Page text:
Ms. Valland was an employee at the Jeu de Paume Museum in Paris. The Germans took over the museum in October 1940 and used it to store paintings and other works of art stolen from private French -- mostly Jewish -- collections. Valland was the only museum worker allowed to stay on. In the eyes of the Germans, she was nothing to worry about. She was quiet and plain, a dowdy spinster who followed instructions. But, unbeknownst to the Nazis, Valland spoke German, and because of this she was able to track the shipments of stolen artwork from Paris to locations throughout the Reich. On August 1, 1944, days before the Liberation of Paris, she notified the French Resistance that the Germans were planning to smuggle out five boxcars filled with art. The Resistance stopped the train from leaving Paris. Thanks to her efforts and her meticulous, covert record-keeping, hundreds -- if not thousands -- of pieces of artwork were located and returned to France.
Elizabeth Peet McIntosh grew up in Honolulu, where she learned Japanese and yearned to travel and have adventures overseas. Her father worked for the Washington Herald as a sports editor, and Betty, as she was called, soon followed him into reporting. She was working as a correspondent for Scripps Howard near Pearl Harbor when the Japanese attacked. She soon left Hawaii for the Scripps Howard bureau in Washington, D.C. In 1943, she was covering an exhibit of sleeping bags stuffed with chicken feathers at the Department of Agriculture (not exactly the grand adventure she'd dreamed of as a girl), when she was approached by an official from the OSS. He said, "Are you interested in a secret overseas assignment?" She didn't hesitate: "Yes."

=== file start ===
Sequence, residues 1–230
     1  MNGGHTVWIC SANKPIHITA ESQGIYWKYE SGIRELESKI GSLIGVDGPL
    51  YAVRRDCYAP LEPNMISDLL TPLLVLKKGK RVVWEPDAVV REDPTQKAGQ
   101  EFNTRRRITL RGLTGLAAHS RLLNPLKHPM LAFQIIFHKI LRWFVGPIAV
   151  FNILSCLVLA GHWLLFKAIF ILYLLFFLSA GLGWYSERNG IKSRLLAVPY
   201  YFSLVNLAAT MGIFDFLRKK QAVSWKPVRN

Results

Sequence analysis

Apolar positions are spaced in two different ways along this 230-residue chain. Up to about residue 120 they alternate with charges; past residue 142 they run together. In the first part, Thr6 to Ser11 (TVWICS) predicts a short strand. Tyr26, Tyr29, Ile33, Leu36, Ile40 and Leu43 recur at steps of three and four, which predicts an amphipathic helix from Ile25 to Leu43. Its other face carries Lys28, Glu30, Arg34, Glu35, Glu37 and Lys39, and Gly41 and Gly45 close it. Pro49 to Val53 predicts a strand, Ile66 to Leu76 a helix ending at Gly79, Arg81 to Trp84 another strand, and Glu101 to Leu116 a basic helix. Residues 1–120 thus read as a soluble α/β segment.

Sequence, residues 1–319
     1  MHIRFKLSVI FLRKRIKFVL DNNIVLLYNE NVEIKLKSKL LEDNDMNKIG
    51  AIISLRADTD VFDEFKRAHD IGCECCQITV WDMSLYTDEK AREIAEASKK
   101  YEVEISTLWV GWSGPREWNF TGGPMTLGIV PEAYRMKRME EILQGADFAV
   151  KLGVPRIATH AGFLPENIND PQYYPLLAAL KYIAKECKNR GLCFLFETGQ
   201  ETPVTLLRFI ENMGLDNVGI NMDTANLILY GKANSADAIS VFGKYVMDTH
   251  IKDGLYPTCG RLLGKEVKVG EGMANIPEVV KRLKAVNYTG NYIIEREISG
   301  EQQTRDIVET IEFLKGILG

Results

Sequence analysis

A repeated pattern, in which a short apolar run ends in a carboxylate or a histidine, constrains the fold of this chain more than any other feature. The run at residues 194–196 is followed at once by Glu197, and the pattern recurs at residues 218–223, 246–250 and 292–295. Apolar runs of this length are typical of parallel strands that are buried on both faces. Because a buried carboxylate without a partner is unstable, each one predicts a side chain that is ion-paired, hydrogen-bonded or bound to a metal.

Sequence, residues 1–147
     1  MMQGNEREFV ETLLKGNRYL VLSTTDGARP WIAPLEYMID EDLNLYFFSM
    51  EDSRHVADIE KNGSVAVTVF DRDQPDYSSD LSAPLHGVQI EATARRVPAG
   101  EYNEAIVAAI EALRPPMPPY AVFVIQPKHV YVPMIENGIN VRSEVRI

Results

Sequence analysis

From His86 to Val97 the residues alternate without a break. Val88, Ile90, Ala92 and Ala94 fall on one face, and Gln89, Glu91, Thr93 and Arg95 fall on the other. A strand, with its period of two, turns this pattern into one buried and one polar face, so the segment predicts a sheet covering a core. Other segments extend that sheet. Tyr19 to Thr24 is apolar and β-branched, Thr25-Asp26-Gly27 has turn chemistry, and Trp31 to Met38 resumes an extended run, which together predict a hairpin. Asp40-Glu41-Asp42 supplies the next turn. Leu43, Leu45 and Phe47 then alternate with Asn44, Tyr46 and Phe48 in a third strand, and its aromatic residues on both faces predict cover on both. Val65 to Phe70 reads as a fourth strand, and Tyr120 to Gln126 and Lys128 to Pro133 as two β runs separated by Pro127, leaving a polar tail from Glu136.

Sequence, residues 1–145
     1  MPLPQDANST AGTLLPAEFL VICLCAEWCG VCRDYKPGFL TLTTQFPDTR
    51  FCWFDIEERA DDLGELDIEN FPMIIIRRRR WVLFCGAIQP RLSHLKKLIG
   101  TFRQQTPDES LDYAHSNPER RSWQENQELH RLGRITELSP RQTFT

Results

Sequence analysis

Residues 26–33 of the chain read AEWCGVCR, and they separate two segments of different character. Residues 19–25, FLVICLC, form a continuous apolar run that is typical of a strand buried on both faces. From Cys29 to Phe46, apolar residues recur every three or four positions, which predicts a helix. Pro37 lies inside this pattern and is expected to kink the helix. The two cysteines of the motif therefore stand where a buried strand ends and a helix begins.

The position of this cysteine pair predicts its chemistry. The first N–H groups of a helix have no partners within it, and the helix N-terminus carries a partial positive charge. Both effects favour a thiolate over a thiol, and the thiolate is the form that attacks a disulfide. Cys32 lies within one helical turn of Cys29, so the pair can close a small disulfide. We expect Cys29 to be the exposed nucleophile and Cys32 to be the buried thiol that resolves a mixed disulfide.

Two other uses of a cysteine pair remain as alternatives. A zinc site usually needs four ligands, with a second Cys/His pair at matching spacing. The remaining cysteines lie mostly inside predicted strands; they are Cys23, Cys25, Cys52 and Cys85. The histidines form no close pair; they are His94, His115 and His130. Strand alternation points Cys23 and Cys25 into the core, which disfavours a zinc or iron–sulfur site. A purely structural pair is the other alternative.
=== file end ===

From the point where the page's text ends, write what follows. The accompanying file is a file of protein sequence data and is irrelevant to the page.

At the OSS training facility in Bethesda, Maryland, she learned to shoot a .32-caliber pistol. She swore an oath never, under any cost, to reveal OSS secrets. And then she was sent to India. Her mission: to create deadly propaganda by concocting "fake but authentic-sounding rumors, news stories and radio reports to make the enemy citizenry think their troops were losing and that they should give up." From there, she was sent to China (with fellow spy Julia Child), where she unknowingly participated in a plot to kill Japanese soldiers, delivering a bomb disguised as coal to a Chinese secret agent. She was one of the few women assigned to the OSS division of Morale Operations.
After the war, she went to work for the CIA, authored a memoir and the book Sisterhood of Spies: The Women of the OSS. In March of 2012, the 97-year-old was honored as one of the 2012 Virginia Women in History by the Library of Virginia.
In an era when most women were expected to stay at home and tend to the house and the children, these were women ahead of their time. When the war in Europe ended in May 1945, there were 460,000 women in the military and over 6.5 million in civilian war work. In Nazi Germany, Hitler forbade women to work in German weapons factories because he felt that a woman's place was at home. Seventy years later, we continue to honor the courageous spying and flying women who -- thankfully -- did not agree with that.
At the recent ceremony for Noor Inayat Khan, Princess Anne said she hoped the new statue will "remind people to ask: Who was she? Why is she here? And what can we achieve in her memory?"